Morton's Neuroma Removal
by Editorial Staff and Contributors
Morton's neuroma is an inflammation of a nerve in the foot that goes to the toes. Surgical treatment involves removing the area of inflammation and the nerve.
Reasons for Procedure TOP
Morton's neuroma can cause pain and tingling. Morton's neuroma removal is done to lessen these symptoms. After the removal, most people have pain relief.
Possible Complications TOP
Problems from the procedure are rare, but all procedures have some risk. Your doctor will review potential problems, like:
Some factors that may increase the risk of complications include:
What to Expect TOP
Prior to Procedure
You doctor may do the following:
Local or general anesthesia will be used. Local anesthesia will numb the area. With general anesthesia, you will be asleep.
Description of Procedure TOP
A small incision will be made on the top of the foot. It will be made between the two toes that are affected by the neuroma. The area of inflammation and the nerve will be located and removed. Sometimes, the ligament between the involved foot bones is cut to prevent pressure on the area. The incision will then be closed with stitches. A bandage will be applied over the area.
After Procedure TOP
The removed tissue will be examined in a lab. The results may take several days.
How Long Will It Take? TOP
Less than one hour
How Much Will It Hurt? TOP
Anesthesia will prevent pain during surgery. Pain and discomfort after the procedure can be managed with medications.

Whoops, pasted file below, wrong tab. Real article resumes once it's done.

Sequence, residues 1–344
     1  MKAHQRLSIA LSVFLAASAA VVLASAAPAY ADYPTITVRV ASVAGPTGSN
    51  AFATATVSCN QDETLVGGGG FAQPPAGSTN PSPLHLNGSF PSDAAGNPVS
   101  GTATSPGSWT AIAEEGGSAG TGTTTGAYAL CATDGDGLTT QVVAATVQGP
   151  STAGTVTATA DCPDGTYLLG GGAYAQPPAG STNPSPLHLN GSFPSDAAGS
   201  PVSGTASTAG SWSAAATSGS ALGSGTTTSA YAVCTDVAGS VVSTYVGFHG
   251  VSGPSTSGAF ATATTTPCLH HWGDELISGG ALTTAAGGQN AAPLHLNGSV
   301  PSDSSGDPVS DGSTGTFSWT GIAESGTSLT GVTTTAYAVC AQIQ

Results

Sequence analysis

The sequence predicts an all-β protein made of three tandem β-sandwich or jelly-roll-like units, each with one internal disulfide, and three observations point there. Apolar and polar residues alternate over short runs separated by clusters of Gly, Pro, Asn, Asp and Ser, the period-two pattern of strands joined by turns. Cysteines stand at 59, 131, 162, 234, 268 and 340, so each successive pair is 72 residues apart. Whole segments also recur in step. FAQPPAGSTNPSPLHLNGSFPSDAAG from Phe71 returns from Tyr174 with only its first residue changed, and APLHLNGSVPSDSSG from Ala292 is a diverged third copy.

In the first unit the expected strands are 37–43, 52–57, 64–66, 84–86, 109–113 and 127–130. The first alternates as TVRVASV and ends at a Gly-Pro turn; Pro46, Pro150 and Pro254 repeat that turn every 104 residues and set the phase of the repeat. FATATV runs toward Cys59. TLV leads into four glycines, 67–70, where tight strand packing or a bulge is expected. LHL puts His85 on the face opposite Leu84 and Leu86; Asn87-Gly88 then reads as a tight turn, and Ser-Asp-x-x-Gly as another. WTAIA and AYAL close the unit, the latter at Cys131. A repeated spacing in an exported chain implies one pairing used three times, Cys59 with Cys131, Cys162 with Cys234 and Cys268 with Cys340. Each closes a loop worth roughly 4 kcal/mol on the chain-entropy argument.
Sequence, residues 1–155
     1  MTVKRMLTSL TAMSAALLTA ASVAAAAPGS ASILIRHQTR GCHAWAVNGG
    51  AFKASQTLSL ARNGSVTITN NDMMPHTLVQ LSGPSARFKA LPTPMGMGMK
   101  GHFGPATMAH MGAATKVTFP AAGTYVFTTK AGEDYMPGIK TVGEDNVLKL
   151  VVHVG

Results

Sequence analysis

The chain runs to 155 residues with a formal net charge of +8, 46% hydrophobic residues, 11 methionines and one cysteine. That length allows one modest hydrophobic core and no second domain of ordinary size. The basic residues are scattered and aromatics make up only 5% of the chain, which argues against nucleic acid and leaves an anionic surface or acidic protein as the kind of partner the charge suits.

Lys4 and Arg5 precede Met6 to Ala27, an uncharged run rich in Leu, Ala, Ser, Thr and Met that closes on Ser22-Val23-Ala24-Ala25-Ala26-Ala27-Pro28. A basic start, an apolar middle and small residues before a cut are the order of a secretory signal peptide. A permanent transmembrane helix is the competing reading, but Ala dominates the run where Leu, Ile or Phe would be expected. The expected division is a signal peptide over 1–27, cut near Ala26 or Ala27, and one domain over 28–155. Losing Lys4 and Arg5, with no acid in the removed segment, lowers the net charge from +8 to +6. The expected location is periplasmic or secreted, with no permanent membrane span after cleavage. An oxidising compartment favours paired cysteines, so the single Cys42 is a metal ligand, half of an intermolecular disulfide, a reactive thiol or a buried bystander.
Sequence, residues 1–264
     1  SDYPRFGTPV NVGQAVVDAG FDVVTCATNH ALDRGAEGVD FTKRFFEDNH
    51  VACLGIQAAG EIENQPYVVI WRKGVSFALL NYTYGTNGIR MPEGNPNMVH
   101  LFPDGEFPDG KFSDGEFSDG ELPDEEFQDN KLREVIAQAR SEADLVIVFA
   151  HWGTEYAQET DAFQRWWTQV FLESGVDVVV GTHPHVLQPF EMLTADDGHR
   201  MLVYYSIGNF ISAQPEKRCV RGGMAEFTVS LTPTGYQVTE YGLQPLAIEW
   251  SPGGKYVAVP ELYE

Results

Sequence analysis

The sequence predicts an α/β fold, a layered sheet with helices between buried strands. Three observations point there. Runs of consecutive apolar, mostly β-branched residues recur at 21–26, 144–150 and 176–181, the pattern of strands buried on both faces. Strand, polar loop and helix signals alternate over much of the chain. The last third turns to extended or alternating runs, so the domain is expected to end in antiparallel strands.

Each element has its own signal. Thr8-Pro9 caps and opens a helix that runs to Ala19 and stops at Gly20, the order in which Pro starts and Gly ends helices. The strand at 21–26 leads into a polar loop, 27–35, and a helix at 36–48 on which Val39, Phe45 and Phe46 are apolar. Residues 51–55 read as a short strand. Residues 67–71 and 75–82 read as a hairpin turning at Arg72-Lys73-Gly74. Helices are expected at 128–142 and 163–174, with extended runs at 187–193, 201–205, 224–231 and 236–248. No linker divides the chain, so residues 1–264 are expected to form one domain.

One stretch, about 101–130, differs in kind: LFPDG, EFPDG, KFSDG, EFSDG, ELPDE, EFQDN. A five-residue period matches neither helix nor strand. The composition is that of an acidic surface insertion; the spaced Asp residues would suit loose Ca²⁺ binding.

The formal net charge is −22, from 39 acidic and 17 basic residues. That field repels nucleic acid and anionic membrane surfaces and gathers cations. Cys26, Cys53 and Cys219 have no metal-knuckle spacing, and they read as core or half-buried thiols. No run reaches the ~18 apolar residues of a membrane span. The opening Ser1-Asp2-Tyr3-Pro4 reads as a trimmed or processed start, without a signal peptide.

Average Stay TOP
If there were no complications, you may be able to leave the same day.
Post-procedure Care TOP
You will have to restrict activity while recover. This may take 3-6 weeks. Home care may include:
The small area where the nerve was removed is likely to remain numb.
Call Your Doctor TOP
It is important for you to monitor your recovery after you leave the care center. Alert your doctor to any problems right away. If any of the following occur, call your doctor:
If you think you have an emergency, call for medical help right away.
American College of Foot and Ankle Surgeons
American Podiatric Medical Association
College of Podiatric Physicians of Alberta
Canadian Podiatric Medical Association
Morton neuroma. EBSCO DynaMed website. Available at:
...(Click grey area to select URL)
Updated April 16, 2014. Accessed May 29, 2014.
Mortons neuroma. American Academy of Orthopaedic Surgeons' OrthoInfo website. Available at:
...(Click grey area to select URL)
Updated September 2012. Accessed May 29, 2014.
Thomson CE, Gibson JN, Martin D. Interventions for the treatment of Mortons neuroma. Cochrane Database of Systematic Reviews. 2004;CD003118.
Last reviewed June 2015 by Michael Woods, MD
Last Updated: 5/29/2014
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